Wildfires are spreading across Europe, forcing more people to flee, as a deadly heat wave engulfs much of the continent, which officials warn is being exacerbated by climate change.
The big picture: Firefighters are battling blazes in France, Spain, Portugal, Greece, Croatia and Slovenia, as well as in the northern mountains of Morocco – where a forest fire has killed at least one person and forced the evacuation of more than 1,000 families.
- More than 16,000 people have fled wildfires in southwestern France, with several regions on alert for record high temperatures on Monday.
- About 3,200 residents have been evacuated from Spain’s Mijas hills, although some have since returned, the BBC reported, with more than 1,000 heat-related deaths in Spain and fires in Portugal in recent days.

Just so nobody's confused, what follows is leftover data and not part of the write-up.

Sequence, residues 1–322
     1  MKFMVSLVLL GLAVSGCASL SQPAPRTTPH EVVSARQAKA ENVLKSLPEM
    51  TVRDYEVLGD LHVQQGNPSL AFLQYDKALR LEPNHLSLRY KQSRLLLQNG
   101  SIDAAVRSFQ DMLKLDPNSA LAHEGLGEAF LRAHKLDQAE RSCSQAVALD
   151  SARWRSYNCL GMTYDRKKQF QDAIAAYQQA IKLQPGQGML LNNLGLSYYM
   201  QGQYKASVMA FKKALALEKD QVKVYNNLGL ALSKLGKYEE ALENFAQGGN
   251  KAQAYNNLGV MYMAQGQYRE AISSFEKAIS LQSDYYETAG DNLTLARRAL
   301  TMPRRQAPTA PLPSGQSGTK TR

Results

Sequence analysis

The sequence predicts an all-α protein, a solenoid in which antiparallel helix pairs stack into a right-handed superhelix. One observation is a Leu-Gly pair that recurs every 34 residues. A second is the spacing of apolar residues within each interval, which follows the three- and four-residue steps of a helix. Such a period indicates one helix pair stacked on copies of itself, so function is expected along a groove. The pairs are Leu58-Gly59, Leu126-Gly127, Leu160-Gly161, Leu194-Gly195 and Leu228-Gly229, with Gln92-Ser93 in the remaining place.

What to see: Although officials say the fires in Portugal are under control, they are warning that the danger will be high after temperatures of up to 108 degrees Fahrenheit are forecast this week.
Meanwhile, English farmers are worried about the risk of crop fires after the UK Met Office issued its first red warning for extreme temperatures – there is an 80% chance of the national temperature hitting 101.66°F (38.7°C). Wednesday.
Go deep; As temperatures rise in the US, a historic heat wave, wildfires hit Europe